Post-Hospitalized COVID-19 Patients Fare Worse in Sleep Quality, Daytime Fatigue Scores

Patients previously hospitalized from COVID-19 are at a significantly greater risk of sleep disturbance and daytime sleepiness than the general population, according to new data from the Mayo Clinic – Jacksonville.

In research presented at the Associated Professional Sleep Societies (SLEEP) 2022 Annual Meeting this week, a team of investigators reported that patients to have survived hospitalization due to COVID-19 complications were more likely to report significantly worse sleep impairment, regardless of factors including age or body mass index (BMI), than those who were COVID-naïve. The findings highlight another clinical associated with severe disease from the pandemic burden virus.

A group led by Parth Satashia, MBBS, a research fellow with Mayo Clinic, sought to identify and define sleep disturbance, fatigue and daytime sleepiness burden among a group of post-hospitalized COVID-19 patients. While the virus has generally impacted patients’ respiratory systems, the investigators noted that a “number of clinical sequela have emerged” among those who have recovered from COVID-19.

“Besides the most commonly reported symptoms of fatigue and dyspnea, early studies have found that sleep disturbance is also a common complaint,” they wrote.

Satashia and colleagues recruited patients discharged from Mayo Clinic hospitals after hospitalization for COVID-19 for this study. Exclusion criteria included those with existing diagnoses of sleep apnea or other sleep disorders, while patients without a history of COVID-19 infection nor sleep disorders were recruited as control participants.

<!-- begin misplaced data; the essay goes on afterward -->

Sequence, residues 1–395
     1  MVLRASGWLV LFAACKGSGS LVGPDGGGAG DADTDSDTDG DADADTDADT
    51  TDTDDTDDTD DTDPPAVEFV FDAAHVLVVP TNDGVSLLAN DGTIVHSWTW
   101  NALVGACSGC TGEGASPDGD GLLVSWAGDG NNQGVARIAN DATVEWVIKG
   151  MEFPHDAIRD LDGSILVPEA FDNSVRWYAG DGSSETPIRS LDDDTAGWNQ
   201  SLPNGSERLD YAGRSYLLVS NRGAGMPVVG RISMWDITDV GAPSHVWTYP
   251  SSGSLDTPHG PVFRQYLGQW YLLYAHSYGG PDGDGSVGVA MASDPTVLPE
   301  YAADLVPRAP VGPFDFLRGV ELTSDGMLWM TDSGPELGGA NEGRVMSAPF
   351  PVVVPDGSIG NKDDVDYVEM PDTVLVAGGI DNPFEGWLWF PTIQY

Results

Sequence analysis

Trial participants completed a trio of questionnaires: the Pittsburgh Sleep Quality Index (PSQI), Epworth Sleepiness Scale (ESS) and the Fatigue Severity Scale (FSS). The PSQI is a self-rated questionnaire reviewing a person’s sleep quality and disturbances over the last month, with scores >5 indicating poor sleep quality. The ESS is an 8-item questionnaire that scores chance of sleepiness between 0-24. The FSS is a 9-item scale measuring fatigue severity and its impact on persons, with ≥36 indicating the subject is suffering from fatigue.

Investigators used Wilcoxon rank sum test to evaluate differences between cases and controls across multiple variables, as well as Fisher’s exact test to compare categorical variables.

The final assessment included 62 patients who completed the questionnaires, 33 of whom had been hospitalized with COVID-19. Investigators noted patients with COVID-19 were significantly older than control, and reported a greater mean BMI.

Patients with COVID-19 fared significantly worse in each of median PSQI (10 vs 6; P = .015), ESS (8 vs 5; P = .018) and FSS (30 vs 22; P = .009) versus control. Even after adjusting for the baseline differences in age and BMI, the worse scores remained statistically significant.

After control, mean difference between COVID-19 patents and control were 2.7 for PSQI (95% CI, 0.2 – 5.2; P = .038), 2.93 for ESS (95% CI, 0.66 – 5.2; P = .014), and 12.62 for FSS (95% CI, 5.22 – 20.03; P = .001).

“Preliminary results showed that sleep disturbance per PSQI and daytime symptoms measured by ESS and FSS are found to be significantly higher among post COVID-19 hospitalized patients compared to controls,” Satashia and colleagues concluded.

The study, “Sleep Disturbance Among COVID-19 Posthospitalized Patients,” was presented at SLEEP 2022.

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